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Year 11 Outdoor Education: SeaTrek Expedition!

Year 11 Outdoor Education: SeaTrek Expedition!

At the start of this week, our Year 11 Outdoor Education students set off on their two-day SeaTrek!

From East Fremantle, the girls set sail visiting several different locations, including Bathers Beach, Garden Island, Carnac Island, Woodman Point, and Coogee Marina.

To finish off, students even snuck in a snorkel at the famous Omeo Shipwreck in Coogee!

We sat down with Jo Beechey, SeaTrek Coordinator, to talk us through the SeaTrek expedition and what students can take away from it. 

What is the purpose of SeaTrek?

The purpose of SeaTrek is for students to experience the outdoors while putting into practise new skills they have learned, in this case, sailing skills.

How did the girls prepare for SeaTrek?

The girls participated in both practical and theory lessons preparing for SeaTrek. Students completed six practical sessions at the Marine Education Boatshed, learning the required skills. The skills included how to set sails and sail safely, read the wind, work together as a crew, and the rules of the water. Students prepared with practical skills by completing theory lessons in ‘leave no trace’, equipment and menu planning, risk management, route planning, flora and fauna, leadership, and goal setting. 

What skills did the girls gain from participating in the expedition?

Skills that students learn from participating in the expedition vary from student to student. However, some of the more common skills girls learn in Outdoor Education expeditions include leadership skills, decision making, resilience, teamwork, gratitude, organisation, communication, and appreciation of the environment.

What are some of the different locations the girls sailed to?

We were fortunate to have two amazing days of weather for this expedition. Day one saw us exit the harbour, pass by Bathers Beach and sail towards Garden Island. The girls enjoyed their lunch on the island before heading to Carnac Island and returning to the boatshed. Day two saw the students sail south towards Woodman Point, where they enjoyed a lunch at the beautiful Coogee Marina, before stopping for a snorkel at the Omeo Shipwreck in Coogee.

Were the girls faced with any challenges? If so, how did they overcome them? 

Taking on a new experience of this nature always presents challenges, which is what we love about this subject. For this expedition, students were challenged with the variation in wind conditions over the two days. On the first day, the winds were very light, making it difficult to gain speed and be able to sail for long periods. Tuesday, however, presented a far greater challenge with much stronger winds, which required more communication and the use of sailing skills and knowledge to navigate the waters safely.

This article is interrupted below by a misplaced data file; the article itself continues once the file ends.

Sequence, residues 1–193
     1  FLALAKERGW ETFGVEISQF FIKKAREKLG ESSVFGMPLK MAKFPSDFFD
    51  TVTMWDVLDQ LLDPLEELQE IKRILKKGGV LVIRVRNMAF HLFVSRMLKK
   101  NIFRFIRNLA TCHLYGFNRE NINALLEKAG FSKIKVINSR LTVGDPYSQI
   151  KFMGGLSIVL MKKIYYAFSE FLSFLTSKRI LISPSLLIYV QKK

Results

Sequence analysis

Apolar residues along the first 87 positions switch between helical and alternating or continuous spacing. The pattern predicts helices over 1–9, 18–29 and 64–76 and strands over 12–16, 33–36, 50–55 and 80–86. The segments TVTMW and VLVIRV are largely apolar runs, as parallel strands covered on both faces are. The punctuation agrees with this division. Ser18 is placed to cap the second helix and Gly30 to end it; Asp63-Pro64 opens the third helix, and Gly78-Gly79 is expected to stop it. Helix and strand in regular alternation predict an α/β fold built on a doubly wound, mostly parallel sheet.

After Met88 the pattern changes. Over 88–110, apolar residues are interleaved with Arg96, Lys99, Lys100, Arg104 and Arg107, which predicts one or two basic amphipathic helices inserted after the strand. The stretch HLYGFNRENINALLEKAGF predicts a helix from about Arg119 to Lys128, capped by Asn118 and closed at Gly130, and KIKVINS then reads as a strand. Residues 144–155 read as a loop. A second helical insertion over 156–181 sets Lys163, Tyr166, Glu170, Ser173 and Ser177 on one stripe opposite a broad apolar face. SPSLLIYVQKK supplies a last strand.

What were some of the highlights of the expedition?

Highlights included seeing the students put their sailing skills into practice so successfully, as well as seeing them work so well together as a team to complete the two day trips. Having the students reach Garden Island by sailboat, and seeing a shark and the sea lions at Carnac Island, were also awesome highlights.

What do you love most about teaching and coordinating SeaTrek? 

I love the independence students get while on SeaTrek. Students in groups of three or four are on their own sailboats and have to trust their own skills and knowledge while working as a team. As the teacher, I have very little contact with the students while they navigate their way to their chosen destination. The expedition belongs to the students who decide their food, route, and groups. It is a fantastic way for students to build confidence while learning new skills and getting to experience the wonderful outdoors.

Why would you encourage students to give Outdoor Education a go? 

I would encourage anyone who loves challenging themselves, learning new skills, being part of a team, and being in the outdoors to give Outdoor Education a go. We provide so many amazing opportunities for Outdoor Education students at Santa Maria to learn skills they can use in everyday life both here at the College and in the outside world. Who knows – they might just find a new outdoor activity!

Here is what some of the girls had to say about SeaTrek:

“I think SeaTrek forced everyone to persevere when times got hard, teaching us to stay positive and bring each other up. We furthered our sailing skills and developed them under harsher conditions than we had ever experienced.” Alice Gosper 

“Some of my personal highlights were seeing all the different ocean wildlife and swimming at Carnac Island.” Olive Asquith – Flynn

“It’s a great way to connect with nature and get outdoors to experience new things you may not do again. It’s different from other classes as we aren’t always sitting at a desk but instead are outside experiencing the real world.” Ava Bennier

We look forward to hearing about Outdoor Education’s expeditions planned for the remainder of this year! 

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